Jan 28, 2014 at 7:34 pm #1312579
@maiaLocale: Rocky Mountains
Companion forum thread to:Jan 29, 2014 at 7:11 am #2067470
I also commented on your website, but I really like the adaptation to a single stay. With this cold weather I may have to sew one up this weekend to try it out. For what it's worth I am really digging the color scheme, it gives it some character (610 pack v2.0).Jan 29, 2014 at 9:23 am #2067499
Very nice, thanks for sharing!
TonyJan 29, 2014 at 10:02 am #2067514
I was shocked at how much more I liked the arrangement detailed here than a more traditional, double stay rig. I tried the single stay back in the fall just because I thought I should, but within the month was tearing apart a double stay pack and rebuilding it into the green and blue pack shown above.
Jon, the pocket arrangement of the 610.2 pack has been great. I can cram enough stuff in to do an overnighter in sub-zero temps, but with only a shovel in the outer pocket it isn't overkill for a five hour ski trip.Jan 29, 2014 at 10:56 am #2067537
That's awesome to hear about the pocket. After putting it to use, would you change the closure on the pocket, or a minimum still wish you moved the 3/4" side release bucket 1.5"-2.0" lower as previously mentioned?Jan 29, 2014 at 11:28 am #2067560
I ended up sewing a sleeve of gridstop all the way across the front of the pocket (about 7.5" long), which is just big enough to fit the buckle. This gets the job done. If I could do it over, I'd put said sleeve about 1.5" below the top of the pocket.
(Folks mystified by the thread drift can see more of the green and blue pack here: http://bedrockandparadox.com/2013/12/10/how-to-make-a-light-pack-610-pack-version-2/)Jan 29, 2014 at 4:08 pm #2067675
Excellent thank you.Jan 29, 2014 at 9:28 pm #2067796
@jephotoLocale: New Zealand
Looks great and quite similar to the Exped Lightning. I am always surprised that more UL framed packs don't link the frame to the hipbelt in some way. My experience from the Exped Lightning is that it makes a significant difference.
All these pack articles from Dave C have really helped me to bring together my ideas and experiences from 30 plus years of using packs and often struggling to get a good fit. Thanks.Jan 30, 2014 at 4:30 am #2067833
@gregpehrsonLocale: playa del caballo blanco
Thanks, Dave. Great article with lots of helpful detail, and it's cool how generous you are in sharing your design and construction process, as I'm sure you could sell these packs if you wanted. I had been debating a pad sleeve on the inside or outside (in a stretchy mesh pocket, like GG) for a winter pack, and like your solution here, as it seems to both allow for easy access and not take away from durability. How much wrestling do you do to get the sit pad out/ back in when the pack is full, given the non-stretch of the cordura?Jan 30, 2014 at 6:31 am #2067848
@retiredjerryLocale: Oregon and Washington
"All these pack articles from Dave C have really helped me…"
+1Jan 30, 2014 at 7:17 am #2067863
Thanks everyone, I'm glad I can be useful. I've gotten plenty of inspiration here over the years.
Greg, one of the things I like about the solid fabric back is that it keeps snow out of the innards. The amount of wrestling with the pad depends on how stiff the foam is and how tight the fit. The more support you want from the foam, the more wrestling you'll have to do. You can always trim the pad a hair if it's too much.Jan 30, 2014 at 7:40 pm #2068125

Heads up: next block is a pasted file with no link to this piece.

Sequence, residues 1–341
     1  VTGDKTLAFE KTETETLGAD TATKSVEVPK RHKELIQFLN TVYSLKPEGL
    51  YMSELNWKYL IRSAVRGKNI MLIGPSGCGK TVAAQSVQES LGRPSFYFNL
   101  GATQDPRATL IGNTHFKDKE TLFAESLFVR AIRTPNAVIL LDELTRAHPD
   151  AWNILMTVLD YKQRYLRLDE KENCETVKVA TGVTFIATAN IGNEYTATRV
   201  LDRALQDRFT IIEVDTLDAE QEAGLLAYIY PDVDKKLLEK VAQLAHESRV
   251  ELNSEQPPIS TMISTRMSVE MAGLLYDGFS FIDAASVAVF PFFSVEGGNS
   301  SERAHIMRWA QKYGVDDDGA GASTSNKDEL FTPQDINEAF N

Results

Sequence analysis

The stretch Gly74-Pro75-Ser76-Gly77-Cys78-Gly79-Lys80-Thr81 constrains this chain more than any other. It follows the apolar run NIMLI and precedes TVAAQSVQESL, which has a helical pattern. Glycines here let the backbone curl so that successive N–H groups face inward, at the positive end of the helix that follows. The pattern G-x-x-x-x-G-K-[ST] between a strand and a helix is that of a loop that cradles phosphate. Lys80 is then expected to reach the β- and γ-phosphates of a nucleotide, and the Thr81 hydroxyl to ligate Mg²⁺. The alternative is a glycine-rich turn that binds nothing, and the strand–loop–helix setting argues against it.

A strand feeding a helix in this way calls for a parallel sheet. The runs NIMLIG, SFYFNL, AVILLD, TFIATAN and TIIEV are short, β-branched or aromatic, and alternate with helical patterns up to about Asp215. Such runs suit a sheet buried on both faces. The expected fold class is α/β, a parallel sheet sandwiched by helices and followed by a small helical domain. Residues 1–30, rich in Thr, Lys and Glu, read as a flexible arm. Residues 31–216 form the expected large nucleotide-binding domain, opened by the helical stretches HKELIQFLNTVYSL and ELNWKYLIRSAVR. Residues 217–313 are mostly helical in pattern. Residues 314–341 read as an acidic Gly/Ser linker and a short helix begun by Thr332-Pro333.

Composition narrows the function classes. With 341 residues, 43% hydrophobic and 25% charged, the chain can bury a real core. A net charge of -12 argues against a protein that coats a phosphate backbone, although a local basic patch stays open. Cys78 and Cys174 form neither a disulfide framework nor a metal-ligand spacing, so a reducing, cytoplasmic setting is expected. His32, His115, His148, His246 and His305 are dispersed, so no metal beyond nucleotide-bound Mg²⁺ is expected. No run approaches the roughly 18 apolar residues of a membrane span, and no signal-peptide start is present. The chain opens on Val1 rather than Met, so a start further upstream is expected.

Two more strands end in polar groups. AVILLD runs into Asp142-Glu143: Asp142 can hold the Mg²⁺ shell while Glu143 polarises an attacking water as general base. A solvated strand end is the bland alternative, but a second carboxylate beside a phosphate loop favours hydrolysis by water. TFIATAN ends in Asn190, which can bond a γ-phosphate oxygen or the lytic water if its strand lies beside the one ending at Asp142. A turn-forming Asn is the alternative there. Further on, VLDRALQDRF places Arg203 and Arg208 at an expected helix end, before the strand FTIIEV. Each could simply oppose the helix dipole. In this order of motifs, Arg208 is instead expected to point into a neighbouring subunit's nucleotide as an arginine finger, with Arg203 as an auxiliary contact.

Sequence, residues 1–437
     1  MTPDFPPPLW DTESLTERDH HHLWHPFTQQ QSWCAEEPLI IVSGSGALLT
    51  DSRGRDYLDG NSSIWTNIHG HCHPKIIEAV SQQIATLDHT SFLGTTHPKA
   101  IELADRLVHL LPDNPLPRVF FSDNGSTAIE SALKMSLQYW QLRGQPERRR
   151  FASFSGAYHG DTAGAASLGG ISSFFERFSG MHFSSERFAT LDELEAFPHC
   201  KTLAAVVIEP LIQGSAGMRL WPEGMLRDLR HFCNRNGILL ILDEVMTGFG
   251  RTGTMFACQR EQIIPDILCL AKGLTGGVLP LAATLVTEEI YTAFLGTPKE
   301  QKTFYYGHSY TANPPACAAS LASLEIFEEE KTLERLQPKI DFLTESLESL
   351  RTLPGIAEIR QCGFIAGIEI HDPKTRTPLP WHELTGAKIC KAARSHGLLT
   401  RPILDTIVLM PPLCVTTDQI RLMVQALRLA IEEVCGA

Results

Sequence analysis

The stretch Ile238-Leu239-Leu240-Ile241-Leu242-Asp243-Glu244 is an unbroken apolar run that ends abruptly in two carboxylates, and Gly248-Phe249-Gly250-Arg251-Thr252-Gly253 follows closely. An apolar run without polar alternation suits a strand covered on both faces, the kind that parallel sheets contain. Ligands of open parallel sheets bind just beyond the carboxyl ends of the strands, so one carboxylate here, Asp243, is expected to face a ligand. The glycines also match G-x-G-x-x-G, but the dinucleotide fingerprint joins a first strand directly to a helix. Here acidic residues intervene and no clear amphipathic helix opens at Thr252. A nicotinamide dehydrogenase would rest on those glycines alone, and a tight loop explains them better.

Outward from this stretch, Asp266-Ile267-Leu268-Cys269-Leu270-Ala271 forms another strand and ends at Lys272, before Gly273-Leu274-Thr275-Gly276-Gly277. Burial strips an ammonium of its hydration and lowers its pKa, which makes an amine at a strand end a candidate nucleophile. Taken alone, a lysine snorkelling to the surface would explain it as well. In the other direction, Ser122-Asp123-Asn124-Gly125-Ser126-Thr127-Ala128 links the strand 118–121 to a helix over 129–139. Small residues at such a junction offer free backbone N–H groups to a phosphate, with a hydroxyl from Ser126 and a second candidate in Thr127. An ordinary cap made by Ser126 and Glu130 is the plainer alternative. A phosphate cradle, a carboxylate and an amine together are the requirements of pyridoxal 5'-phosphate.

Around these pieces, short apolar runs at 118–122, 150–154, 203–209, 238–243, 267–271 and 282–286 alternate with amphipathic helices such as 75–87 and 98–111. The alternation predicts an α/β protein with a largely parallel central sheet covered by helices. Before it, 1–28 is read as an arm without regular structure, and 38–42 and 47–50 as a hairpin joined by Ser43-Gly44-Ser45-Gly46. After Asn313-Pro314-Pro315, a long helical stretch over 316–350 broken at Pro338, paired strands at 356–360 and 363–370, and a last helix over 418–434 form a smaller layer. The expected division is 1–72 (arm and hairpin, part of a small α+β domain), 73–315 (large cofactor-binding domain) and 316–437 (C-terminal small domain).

@chinditsLocale: Cntrl ROMO
Thank you for sharing and your website is great.Feb 1, 2014 at 10:21 am #2068609
@danepackerLocale: Mojave Desert
Interesting stay location. If it is custom contoured then it should be comfortable.
I like the contoured sides which place more load toward the upper half of the pack. Great fabric choices and good padding.
I've modded two hunting/backcountry ski packs with two contoured 1" aluminum stays connected at the top by a short aluminum support piece. The support piece takes a lot of the load of the pack and transfers it to the two vertical stays. The stays were bolted to the pack's framesheets and through the back fabric by melting the bolt holes with a hot spike.
BTW, in the last pack, a Camelback Commander, I cut off the usless cloth belt and slipped a padded REI Ridgeline belt behind the lumbar pad. My shoemaker bartacked the lumbar pad to take the load. NOW it can carry a load comfortably.Feb 2, 2014 at 9:33 am #2068939
The stay must be shaped to the user. With these packs I found contouring the whole length exactly to my back got the best results.Feb 15, 2014 at 5:00 pm #2073908
@cameronLocale: The WOODS
Hey David I'm working on a similar pack and would be very interested to know if you have any sketches of this? Also I'm really curious about the size of the lumbar area. It looks like the "lumbar pad" is kind of wide. Does that make is harder for the hipbelt to hug your hips or is there enough flex in the design for it to wrap snugly?Jun 21, 2014 at 7:27 am #2113314
I've been using these packs quite a bit in the past four months, and have a further few thoughts.
I've never gotten along well with prominent lumbar pads, strongly preferring belts which contour consistently around my waist. I do think you need a lumbar pad of some kind with a suspension like this to avoid point pressure from the end of the stay. Thus, a softer foam pad (ridgerest is my favorite) combined with plenty of space on the sides of the sleeve for the belt to flex the foam around you seems to work best. I do think that even with a solid lumbar pad, point pressure from the stay will become an issue at bigger (~40 pounds) loads. Some plastic in the hipbelt might help there, but I think at those weights a different belt and suspension design is probably preferred.
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